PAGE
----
In some of life’s occupations (and preoccupations), turning 30 is a point many would prefer to defer. Supermodels, acrobats, and San Francisco gay men among them. Yes, “maturity” is “nice” in theory — but facial lines, thinning hair and a body-fat percentage that no longer stays low all by itself can seriously cramp a boy’s lifestyle. Though not, of course, a bear’s. On the other hand, longevity in gay institutions is always a plus, since our communities’ public histories have been so short, as well as so often embattled by oppression, the AIDS epidemic, and other impediments to survival. Thus the 30th anniversary marked by this year’s S.F. International LGBT Film Festival represents more than just a healthy and well-loved cultural treasure’s long-term success story — it offers a forum for the LGBT community to celebrate its own hard-won survival and progress.
Certainly spirits have been high — but then they usually are — at Frameline30’s events. Writing at the festival’s midpoint, and having come directly from a double bill of Indonesian and Filipino features that drew audiences thoroughly mixed in gender and ethnicity, one thing that struck me is how comfortable with its own diversity the S.F. gay community has become. Back in the day — count yourself lucky if you’re young enough to have missed this stuff — it was not uncommon to hear some queen in queue express pique at the general ickiness of having to see some Sapphic action in a mostly gay-male shorts program. And it was even more common to hear womyn (remember that term? don’t worry, nobody else does either) decry the political incorrectitude of some lesbian films, their insufficient number in Frameline programming (of course, a festival can’t show what isn’t being produced), and even allowing men to purchase tickets to lesbian programs that might eventually sell out. Ah, Separatism: Among things the ’70s gave us, you rank neck-and-neck with Bobby Sherman’s Greatest Hits, and thankfully have just as little remaining cultural currency.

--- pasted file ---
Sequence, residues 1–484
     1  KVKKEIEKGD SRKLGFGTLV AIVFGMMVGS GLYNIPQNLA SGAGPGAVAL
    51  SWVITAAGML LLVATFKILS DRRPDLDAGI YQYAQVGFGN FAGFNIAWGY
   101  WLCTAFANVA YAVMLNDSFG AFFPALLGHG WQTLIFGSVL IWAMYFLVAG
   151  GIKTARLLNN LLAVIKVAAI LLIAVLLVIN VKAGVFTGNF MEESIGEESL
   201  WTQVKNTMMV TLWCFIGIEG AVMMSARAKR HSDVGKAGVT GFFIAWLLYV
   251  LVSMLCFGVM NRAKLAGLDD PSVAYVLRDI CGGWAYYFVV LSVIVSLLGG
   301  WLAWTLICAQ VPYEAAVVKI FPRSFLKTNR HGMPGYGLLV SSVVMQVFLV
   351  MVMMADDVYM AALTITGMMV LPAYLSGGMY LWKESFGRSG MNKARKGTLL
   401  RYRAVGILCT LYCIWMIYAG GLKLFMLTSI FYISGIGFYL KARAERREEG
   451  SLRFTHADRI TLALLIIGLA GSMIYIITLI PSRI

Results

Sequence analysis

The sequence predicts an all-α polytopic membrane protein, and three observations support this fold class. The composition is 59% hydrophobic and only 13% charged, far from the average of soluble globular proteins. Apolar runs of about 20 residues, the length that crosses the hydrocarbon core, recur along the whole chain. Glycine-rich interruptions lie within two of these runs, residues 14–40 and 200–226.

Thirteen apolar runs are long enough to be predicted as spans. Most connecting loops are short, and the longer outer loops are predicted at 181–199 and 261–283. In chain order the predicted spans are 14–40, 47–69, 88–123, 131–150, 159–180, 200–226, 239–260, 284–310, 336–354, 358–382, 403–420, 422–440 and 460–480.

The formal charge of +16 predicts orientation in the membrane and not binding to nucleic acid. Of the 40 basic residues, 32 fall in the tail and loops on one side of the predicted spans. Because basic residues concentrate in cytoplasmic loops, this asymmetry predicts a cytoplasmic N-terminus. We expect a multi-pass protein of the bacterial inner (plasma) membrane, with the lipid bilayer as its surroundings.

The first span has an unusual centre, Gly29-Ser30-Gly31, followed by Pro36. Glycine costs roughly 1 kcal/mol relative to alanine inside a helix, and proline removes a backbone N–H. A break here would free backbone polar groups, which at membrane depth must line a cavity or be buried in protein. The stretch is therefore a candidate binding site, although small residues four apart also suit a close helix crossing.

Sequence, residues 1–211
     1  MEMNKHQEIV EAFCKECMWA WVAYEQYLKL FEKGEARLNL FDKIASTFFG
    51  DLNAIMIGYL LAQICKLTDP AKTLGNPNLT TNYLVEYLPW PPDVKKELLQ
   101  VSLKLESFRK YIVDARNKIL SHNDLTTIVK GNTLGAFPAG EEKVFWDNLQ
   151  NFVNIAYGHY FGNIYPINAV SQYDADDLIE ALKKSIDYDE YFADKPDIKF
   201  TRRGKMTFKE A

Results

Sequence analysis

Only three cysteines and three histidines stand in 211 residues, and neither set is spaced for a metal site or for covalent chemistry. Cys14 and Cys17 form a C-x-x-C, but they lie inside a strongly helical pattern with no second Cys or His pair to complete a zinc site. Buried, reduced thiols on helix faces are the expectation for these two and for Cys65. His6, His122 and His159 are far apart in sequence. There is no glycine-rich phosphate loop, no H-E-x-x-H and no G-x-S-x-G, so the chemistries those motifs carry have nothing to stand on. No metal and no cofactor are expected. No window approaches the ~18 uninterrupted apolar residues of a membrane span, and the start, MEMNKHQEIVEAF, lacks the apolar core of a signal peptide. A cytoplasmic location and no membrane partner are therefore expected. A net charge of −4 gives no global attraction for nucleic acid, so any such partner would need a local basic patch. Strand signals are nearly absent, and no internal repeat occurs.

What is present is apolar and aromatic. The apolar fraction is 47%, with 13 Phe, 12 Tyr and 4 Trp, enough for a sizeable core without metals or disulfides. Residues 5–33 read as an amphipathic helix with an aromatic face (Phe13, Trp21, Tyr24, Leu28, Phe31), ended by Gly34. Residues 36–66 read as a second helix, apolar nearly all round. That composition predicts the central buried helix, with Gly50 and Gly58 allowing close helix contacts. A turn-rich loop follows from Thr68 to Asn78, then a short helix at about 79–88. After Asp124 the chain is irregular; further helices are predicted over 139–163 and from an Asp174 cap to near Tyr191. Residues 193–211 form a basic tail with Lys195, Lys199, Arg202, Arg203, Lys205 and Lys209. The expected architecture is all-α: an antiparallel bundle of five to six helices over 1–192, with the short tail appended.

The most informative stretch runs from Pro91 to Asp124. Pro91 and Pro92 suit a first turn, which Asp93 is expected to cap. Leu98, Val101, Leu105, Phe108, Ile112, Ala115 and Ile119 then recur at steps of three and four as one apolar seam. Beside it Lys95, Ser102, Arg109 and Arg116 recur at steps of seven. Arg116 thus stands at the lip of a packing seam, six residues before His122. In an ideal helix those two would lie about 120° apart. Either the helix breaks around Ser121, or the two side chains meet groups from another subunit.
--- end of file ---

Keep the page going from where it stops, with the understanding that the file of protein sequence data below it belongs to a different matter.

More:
Fortunately, we now can all get along, and the worst political incorrectitude is intolerance between any one S.F. LGBT community and other — be they twink, leather, femme, butch, drag king, tranny, artfag, or cowpoke. A lot of that diversity-embracing has been on display in the fest’s screenings to date. Saturday afternoon’s world premiere of Todd Holland‘s “The Believers” sold out the Castro Theatre for a documentary about the globe’s first transgender gospel choir — The Transgender Gospel Choir, to be exact, which made a roof-raising onstage appearance afterward. Then there was the tumultuous reception given the prior night to filmmaker Marc Huestis (who co-founded the festival thirty years ago) and star Louis Biedak‘s midlife-crisis-goes-surgical documentary “Lulu Gets a Facelift.” Opening night had been the expected love fest, with director Maria Maggenti and cast members lauded after “Puccini for Beginners,” the romantic comedy that represents her long, long, long-awaited second feature. (The first was “Incredibly True Adventures of Two Girls in Love,” which had won the same Frameline slot 11 festivals ago.)